As Robin Skinner writes, although the best way to achieve a high level of mental health is by being born into a very healthy family, individuals born into unhealthy families also have a chance to reach the top of the scale. According to the study he presents, by the time people with a more unsatisfactory childhood reach their fifties, they function no less healthily than people who lived very happily in their childhood. This fact is due to the fact that these people first admitted that they were missing something, and secondly, they looked for experiences to compensate for the initial deprivation.
My client was right to believe that there could be happy married couples. Her friends were also right to tell her that the vast majority of families did not really have particularly high levels of happiness, intimacy, trust, openness and freedom. I am also right – I have many reasons from my personal and professional experience, to say that happiness – personal and family, is not the privilege of only a few lucky or chosen by God, but an opportunity that can be achieved by anyone.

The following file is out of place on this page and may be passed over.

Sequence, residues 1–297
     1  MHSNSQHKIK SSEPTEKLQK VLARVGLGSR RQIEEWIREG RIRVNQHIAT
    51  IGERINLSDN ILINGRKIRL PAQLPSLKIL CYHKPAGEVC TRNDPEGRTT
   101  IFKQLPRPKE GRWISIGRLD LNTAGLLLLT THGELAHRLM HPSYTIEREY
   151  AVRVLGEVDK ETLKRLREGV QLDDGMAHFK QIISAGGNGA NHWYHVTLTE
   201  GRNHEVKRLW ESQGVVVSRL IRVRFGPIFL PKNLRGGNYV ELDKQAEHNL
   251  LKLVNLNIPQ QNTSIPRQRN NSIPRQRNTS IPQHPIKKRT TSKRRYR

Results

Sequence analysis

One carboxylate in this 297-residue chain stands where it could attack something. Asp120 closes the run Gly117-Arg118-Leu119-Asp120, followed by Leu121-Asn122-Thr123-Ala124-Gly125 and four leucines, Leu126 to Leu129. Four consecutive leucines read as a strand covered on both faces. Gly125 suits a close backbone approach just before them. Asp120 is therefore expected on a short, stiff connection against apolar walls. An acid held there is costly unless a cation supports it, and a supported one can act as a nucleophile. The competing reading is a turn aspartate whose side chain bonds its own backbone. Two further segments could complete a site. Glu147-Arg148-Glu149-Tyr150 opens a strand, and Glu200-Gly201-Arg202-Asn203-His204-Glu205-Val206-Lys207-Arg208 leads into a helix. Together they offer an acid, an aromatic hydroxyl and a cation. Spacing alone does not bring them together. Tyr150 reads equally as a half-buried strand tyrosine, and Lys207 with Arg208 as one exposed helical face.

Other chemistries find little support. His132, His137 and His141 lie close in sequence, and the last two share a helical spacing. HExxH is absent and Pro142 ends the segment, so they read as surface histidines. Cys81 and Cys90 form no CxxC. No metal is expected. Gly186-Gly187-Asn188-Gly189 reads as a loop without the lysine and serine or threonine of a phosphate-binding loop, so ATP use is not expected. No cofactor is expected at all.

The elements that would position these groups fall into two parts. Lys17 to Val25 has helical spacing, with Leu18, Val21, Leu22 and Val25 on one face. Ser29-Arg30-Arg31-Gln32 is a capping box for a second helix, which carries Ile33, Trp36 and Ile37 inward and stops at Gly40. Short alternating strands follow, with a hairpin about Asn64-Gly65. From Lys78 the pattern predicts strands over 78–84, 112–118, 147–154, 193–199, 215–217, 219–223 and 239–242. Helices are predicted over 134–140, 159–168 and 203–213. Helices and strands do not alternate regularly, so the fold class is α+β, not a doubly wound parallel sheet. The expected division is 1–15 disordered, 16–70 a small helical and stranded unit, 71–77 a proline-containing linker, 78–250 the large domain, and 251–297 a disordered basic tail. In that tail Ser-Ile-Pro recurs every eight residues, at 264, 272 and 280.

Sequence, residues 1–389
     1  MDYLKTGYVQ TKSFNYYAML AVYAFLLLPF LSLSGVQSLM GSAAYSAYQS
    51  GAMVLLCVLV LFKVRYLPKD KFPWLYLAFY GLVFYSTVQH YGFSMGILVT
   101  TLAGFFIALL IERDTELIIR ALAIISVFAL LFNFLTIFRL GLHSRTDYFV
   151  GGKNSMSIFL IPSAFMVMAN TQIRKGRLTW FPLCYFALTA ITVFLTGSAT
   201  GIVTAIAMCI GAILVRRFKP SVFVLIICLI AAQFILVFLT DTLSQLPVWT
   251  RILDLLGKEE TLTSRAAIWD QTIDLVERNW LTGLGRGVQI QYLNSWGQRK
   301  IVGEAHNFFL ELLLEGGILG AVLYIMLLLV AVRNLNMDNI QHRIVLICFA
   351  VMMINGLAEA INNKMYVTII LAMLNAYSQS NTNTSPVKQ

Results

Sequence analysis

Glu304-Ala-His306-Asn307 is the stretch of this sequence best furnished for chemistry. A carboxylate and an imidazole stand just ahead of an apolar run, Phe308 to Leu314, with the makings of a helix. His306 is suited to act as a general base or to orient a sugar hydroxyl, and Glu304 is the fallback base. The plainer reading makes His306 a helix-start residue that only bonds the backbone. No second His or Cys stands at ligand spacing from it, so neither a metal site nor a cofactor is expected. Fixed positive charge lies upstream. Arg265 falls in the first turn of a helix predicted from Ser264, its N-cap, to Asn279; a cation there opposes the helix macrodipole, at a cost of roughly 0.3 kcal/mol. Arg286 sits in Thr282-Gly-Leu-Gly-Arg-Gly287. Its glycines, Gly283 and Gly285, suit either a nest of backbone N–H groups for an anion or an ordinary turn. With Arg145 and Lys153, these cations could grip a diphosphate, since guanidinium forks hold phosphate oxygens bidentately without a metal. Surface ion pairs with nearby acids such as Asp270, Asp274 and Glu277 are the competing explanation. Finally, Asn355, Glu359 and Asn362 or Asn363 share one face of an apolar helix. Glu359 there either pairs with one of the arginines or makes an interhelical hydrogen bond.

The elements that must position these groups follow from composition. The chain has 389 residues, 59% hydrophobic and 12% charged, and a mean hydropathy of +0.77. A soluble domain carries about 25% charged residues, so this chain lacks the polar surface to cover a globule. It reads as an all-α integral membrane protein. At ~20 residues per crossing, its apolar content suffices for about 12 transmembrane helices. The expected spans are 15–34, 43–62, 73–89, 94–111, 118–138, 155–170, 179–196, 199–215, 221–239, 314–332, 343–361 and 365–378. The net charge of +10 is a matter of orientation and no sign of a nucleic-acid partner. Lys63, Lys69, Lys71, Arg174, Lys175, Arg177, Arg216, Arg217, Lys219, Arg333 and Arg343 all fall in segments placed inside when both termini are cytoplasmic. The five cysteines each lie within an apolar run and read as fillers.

As it has already become clear from the mental health scale – the prevalence of something is not a criterion for the fact that it is the best. It is just a sign that it is average. Psychotherapy can help a person get rid of the rigidity of the average levels of mental health, on a deeper level to find out who he is and what he wants from his life, as well as take the risk of living, daring to be different. Moreover, it is precisely these individuals who, through their own efforts, succeed in bringing about change to higher levels of mental health, subsequently become agents of change in the families and groups to which they belong.
We live in a time when society itself is sick and there is a great need for the average notion of normalcy to change. Who thinks that psychotherapy is not for normal people ?!